After retiring the first two Reds, Gomez “was forced to field a high bounder hit by Ival Goodman that came down back near second base and went for a hit. This effort seemed to aggravate Lefty’s side,”4 which “couldn’t be held in place by a girdle he wore when pitching. …”5 Cincinnati put together two more singles by Frank McCormick and Ernie Lombardi to cut the deficit to 2-1. Gomez fanned Harry Craft and, with New York in the lead, seemed to be in better shape after one inning than his opposite number.
Thompson had his only 1-2-3 inning in the second as the Yanks failed to get the ball out of the infield. Gomez struck out to end the inning. To start the second, manager Joe McCarthy replaced Gomez, who had averaged more than seven innings in his 26 regular-season starts but on this day “had nothing at all”6 due to injury, with Bump Hadley, who had a roller-coaster career. Having finished in the top five in American League ERA three times with the Washington Senators from 1927 to 1931, Hadley lost 20 games for the St. Louis Browns in both 1932 and 1933 before returning to Washington. New York traded for Hadley in 1936; backed by a better team, he again had a top-five ERA mark in 1939 at 2.98. Stretched out as a starter, Hadley had the stamina to pitch in long relief.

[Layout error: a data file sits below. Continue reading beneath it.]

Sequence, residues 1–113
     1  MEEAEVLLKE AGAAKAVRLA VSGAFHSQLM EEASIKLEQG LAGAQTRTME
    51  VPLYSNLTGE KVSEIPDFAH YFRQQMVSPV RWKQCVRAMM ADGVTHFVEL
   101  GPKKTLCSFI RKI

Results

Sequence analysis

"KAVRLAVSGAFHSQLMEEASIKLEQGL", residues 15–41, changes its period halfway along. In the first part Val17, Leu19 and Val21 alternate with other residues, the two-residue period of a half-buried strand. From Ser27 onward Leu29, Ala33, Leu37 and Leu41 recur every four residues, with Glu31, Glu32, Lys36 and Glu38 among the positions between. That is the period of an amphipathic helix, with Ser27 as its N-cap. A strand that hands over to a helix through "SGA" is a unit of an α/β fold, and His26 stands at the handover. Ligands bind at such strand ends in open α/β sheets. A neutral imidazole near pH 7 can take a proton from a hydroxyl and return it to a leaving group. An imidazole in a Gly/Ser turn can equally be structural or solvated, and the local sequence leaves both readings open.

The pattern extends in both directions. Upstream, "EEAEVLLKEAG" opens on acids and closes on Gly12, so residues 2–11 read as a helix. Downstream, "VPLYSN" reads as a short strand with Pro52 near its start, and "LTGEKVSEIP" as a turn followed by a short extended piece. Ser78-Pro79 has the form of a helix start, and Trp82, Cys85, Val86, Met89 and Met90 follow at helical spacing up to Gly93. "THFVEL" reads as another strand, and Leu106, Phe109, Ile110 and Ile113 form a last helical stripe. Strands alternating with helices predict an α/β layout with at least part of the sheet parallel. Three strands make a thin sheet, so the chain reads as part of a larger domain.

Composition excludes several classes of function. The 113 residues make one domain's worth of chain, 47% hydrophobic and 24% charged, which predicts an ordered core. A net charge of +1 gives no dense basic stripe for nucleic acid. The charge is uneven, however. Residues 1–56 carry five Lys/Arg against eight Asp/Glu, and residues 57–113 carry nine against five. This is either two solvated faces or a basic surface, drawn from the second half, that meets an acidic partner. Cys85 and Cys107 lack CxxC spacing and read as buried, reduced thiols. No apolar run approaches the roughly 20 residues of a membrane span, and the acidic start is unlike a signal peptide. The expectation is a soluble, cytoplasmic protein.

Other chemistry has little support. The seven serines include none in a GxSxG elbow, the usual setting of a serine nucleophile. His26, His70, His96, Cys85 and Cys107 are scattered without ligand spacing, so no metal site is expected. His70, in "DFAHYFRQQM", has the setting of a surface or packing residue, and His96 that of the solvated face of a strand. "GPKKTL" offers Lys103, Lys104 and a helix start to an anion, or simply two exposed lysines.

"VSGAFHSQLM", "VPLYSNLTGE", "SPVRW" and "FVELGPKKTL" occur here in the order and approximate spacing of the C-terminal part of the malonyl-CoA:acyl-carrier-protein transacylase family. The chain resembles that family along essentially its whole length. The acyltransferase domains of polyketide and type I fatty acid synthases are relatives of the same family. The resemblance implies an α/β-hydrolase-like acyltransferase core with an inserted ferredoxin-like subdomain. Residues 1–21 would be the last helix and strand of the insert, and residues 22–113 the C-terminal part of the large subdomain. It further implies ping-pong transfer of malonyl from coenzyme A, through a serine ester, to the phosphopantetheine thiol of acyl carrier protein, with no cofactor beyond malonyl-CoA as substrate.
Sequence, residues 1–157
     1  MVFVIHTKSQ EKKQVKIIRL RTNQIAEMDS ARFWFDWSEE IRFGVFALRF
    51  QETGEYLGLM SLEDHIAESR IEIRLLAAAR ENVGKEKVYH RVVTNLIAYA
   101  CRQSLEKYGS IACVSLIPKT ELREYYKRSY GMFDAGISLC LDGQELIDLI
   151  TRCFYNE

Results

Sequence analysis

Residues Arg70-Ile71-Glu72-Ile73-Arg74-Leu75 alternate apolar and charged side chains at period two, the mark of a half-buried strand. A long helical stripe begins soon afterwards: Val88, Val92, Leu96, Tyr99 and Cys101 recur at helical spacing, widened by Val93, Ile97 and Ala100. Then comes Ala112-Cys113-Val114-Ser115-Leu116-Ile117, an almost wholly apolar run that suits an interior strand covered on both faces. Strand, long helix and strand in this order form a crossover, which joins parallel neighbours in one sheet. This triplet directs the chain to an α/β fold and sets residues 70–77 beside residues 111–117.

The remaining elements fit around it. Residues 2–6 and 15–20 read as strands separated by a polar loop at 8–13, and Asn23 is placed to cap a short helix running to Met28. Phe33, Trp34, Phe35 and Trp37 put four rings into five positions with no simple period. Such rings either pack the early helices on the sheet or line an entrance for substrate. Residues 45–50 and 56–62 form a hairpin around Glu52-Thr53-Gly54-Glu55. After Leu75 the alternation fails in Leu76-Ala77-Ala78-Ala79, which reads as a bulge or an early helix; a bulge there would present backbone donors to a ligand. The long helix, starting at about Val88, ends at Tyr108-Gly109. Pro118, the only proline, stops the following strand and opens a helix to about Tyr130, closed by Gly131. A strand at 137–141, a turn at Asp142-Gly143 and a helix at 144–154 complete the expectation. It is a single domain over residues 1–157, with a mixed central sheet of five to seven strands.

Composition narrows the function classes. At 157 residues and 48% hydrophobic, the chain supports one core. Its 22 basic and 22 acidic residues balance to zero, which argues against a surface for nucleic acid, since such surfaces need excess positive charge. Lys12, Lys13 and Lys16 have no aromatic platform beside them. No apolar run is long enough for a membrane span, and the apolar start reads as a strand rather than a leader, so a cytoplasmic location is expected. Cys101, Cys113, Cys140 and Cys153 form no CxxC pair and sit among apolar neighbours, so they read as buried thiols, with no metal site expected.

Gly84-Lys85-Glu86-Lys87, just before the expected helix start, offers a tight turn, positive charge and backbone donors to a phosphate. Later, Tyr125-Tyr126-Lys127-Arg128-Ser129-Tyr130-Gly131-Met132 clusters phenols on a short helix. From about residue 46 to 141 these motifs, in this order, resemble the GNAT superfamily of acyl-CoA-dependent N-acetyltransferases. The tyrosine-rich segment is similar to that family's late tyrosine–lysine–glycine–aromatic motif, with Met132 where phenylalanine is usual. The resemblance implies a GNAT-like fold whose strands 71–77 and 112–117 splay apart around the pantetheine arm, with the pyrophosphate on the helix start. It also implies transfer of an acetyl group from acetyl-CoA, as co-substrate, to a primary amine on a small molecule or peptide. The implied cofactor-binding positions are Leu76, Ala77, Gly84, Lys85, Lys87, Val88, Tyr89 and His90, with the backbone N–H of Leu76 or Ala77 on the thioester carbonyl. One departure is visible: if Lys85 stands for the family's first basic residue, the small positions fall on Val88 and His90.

After striking out Wally Berger, Hadley pulled a Gomez by giving up three straight singles, the last of which, by Werber, scored Billy Myers to tie the game, 2-2. With runners at first and third with one out, Lonny Frey grounded to Babe Dahlgren, who threw to Dickey to get Thompson at the plate. But with two outs, Goodman delivered Werber with a clutch single to give the Reds a 3-2 lead, the first advantage Cincinnati had in the Series since the Reds went up 1-0 in the top of the fourth inning of Game One.
The lead in Game One had lasted only until the bottom of the fifth inning; the lead in Game Three did not even last a half inning. With two outs, Thompson, facing Keller for the first time since the homer, walked the Yankee slugger, which brought Joe DiMaggio to the dish. DiMaggio jolted New York’s second two-run homer of the game to put the Bombers back in front by a 4-3 count.